Industrial Logistics Market
The logistics market maintained its strong momentum into Q2 2014. The prospering integrated logistics service and supply chain providers are now generating more demand for standard warehouses across China. Among such cases, BEST Logistics, which has signed 9 contracts totaling 143,000 sm of warehousing space with GLP in February 2014, reported further expansion in Q2. While Goodman agreed to develop 22,000 sm built-to-suit facilities for BEST Logistics in Chongqing, the company also secured 18,000 sm of warehouses in GLP Qingdao Airport Logistics Park. Meanwhile, several leasing transactions were seen among other logistics providers such as Deppon, Gooday Logistics, S.F. Express and Yunda Express, in Xiamen, Ningbo, Tianjin and Suzhou, respectively. Apart from 3PLs, occupier demand from IT and related industries was also active. For example, GLP signed a 11,000 sm lease with an IT service provider at the GLP Daxing Park in Beijing and leased 13,000 sm space to a global electronic manufacturer at the GLP Waigaoqiao Park in Shanghai. In Q2, GLP also signed a master agreement of 34,000 sm with a leading smartphone manufacturer at GLP parks in six cities across China, including Shanghai, Nanjing, Zhengzhou, Chengdu, Tianjin and Guangzhou.
All four Tier 1 and a few Tier 2 cities including Hangzhou and Qingdao have introduced new policies on industrial land usage since the second half of 2013, shortening industrial land use terms and setting new guidelines to improve industrial land use efficiency and ensure investment targets. Specifically, these new rules covered aspects such as industrial land acquisition, usage transfers, the circulation of small sites, and separation disposal for surplus industrial land. We anticipate the series of new policies to further increase overall rental performance given the combination of an expectation for land price increases, continued stable demand, and industrial land scarcity. Except for a slight 0.2% drop in the Qingdao market due to the fluctuation in the Huangdao submarket, all cities that CBRE tracked recorded flat or upward rental performance. Overall, the quality warehouse rental index stabilized at 0.6% q-o-q, despite a mild contrast in growth rate. In particular, Chongqing, Shenzhen and Wuhan saw the strongest rental growth in Q2, strengthening over 1%.
The logistics sector has been the subject of increasing interest in recent years for investors. Yields and fundamentals in the sector are particularly attractive compared to the already very competitive and congested office and retail sectors and the highly regulated and oversupplied residential sector. In the investment market, APG Asset Management NV committed up to USD 650 million to e-Shang to expand its footprint in China. Yeland Investment Group Co Ltd signed MOU with Shanghai Mapletree Management on logistics and warehousing projects, expecting a total investment size of RMB 5 billion in three years. Following the recent influx of investment into the logistics market, two domestic developers, Ping An Real Estate and Vanke, both announced their debuts in the logistics sector this quarter. As a result, we expect the logistics market to continue to be an investment hotspot in China, and that land plots with strategic locations will be the key focus in terms of site selection. In addition, in order to achieve a higher plot ratio, the trend to “go vertical” in warehouse development is anticipated to become mainstream given long-lasting industrial land scarcity and the current government’s policy preferences.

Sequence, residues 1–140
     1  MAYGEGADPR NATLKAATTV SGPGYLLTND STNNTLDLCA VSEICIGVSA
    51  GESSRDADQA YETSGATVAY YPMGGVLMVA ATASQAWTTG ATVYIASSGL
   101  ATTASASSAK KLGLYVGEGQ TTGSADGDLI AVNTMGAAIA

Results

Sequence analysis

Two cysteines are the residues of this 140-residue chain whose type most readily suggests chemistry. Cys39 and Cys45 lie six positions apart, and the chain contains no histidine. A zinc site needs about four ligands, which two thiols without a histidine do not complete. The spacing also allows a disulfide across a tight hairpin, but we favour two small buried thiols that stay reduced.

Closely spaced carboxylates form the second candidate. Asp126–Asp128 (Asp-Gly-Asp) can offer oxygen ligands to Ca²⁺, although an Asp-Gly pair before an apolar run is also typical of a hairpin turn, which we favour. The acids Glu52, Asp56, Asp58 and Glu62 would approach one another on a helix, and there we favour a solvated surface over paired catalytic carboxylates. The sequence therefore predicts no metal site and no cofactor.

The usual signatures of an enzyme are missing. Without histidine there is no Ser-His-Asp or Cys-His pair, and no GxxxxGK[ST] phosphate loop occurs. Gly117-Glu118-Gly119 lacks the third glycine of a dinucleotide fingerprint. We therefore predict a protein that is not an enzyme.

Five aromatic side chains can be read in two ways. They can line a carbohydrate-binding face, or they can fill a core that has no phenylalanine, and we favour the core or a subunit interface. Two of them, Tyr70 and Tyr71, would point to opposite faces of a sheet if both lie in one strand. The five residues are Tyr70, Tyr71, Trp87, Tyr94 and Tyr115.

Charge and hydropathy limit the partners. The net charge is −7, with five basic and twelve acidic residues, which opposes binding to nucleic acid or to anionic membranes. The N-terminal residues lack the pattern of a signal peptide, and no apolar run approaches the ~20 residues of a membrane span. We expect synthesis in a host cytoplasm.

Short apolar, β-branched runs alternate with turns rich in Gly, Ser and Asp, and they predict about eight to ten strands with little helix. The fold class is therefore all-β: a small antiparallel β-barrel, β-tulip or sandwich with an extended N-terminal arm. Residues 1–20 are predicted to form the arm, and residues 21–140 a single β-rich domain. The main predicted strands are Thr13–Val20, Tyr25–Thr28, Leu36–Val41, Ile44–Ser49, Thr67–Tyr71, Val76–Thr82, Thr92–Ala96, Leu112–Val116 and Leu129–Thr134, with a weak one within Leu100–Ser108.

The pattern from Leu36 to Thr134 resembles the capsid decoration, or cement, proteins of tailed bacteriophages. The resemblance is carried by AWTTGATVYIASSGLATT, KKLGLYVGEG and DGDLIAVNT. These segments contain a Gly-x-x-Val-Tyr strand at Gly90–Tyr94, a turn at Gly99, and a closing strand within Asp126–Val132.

During Q2 2014, a traditional peak season for residential sales, developers sped up their launch schedules. As a result, national residential sales GFA increased by 38.8% q-o-q. However, on a y-o-y basis, transaction volume in Q2 was down 9.2% as the overall credit market remained tight and market sentiment remained weak. Among the 17 cities tracked by CBRE, transaction volume in Q2 2014 declined by 16.7% y-o-y. Along with declining transaction volume, residential prices also started to slip back. According to the National Bureau of Statistics, residential prices in 55 of the 70 major cities in China declined m-o-m in Jun 2014, the most since the previous peak in December 2011. In line with sluggish residential sales, the land market rapidly cooled down as developers became more cautious. The premium to reserve price in the land market has shrunk sharply from one year ago, whereas cases of aborted land auctions were reported from time to time, even in Tier 1 cities. Unsold inventory continued to accumulate, with a number of major cities reporting an inventory level of over 24 months. In view of this, a number of local governments have responded with some local “loosening”. The most common form of “loosening” was a partial/complete relaxation of Home Purchase Restrictions (HPR). Others even restricted developers from cutting prices too deep to avoid sending a panic into the overall market. In May 2014, PBOC also issued a statement that urged domestic commercial banks to ensure sufficient liquidity to support mortgage demand for first-time home buyers. Since June, we have observed a selective number of small- to medium-sized banks lowering their mortgage interest rates. As most of these new measures were recently adopted, the impact is yet to be fully felt by market players.
Looking ahead, under the pressures of tight liquidity and financial reporting (for listed companies), we expect supply will increase as developers become more active in launching projects. To attract prospective buyers, developers will have to resort to various measures, including price cuts and down payment subsidies, etc. With the sales peak season in “Golden September, Silver October”, we expect transaction volumes will further recover in 2H 2014. Having said that, the overall outlook for the residential sector remains challenging. Unless there is a significant improvement in the overall credit market, 2014 transaction volume is likely to drop y-o-y for the first time since 2008. We expect prices in most of the 70 major cities tracked by NBS will continue to decline m-o-m.
About CBRE Group, Inc.
CBRE Group, Inc. (NYSE:CBG), a Fortune 500 and S&P 500 company headquartered in Los Angeles, is the world’s largest commercial real estate services and investment firm (in terms of 2014 revenue). The Company has more than 70,000 employees (excluding affiliates), and serves real estate owners, investors and occupiers through more than 400 offices (excluding affiliates) worldwide. CBRE offers strategic advice and execution for property sales and leasing; corporate services; property, facilities and project management; mortgage banking; appraisal and valuation; development services; investment management; and research and consulting. Please visit our website at www.cbre.com.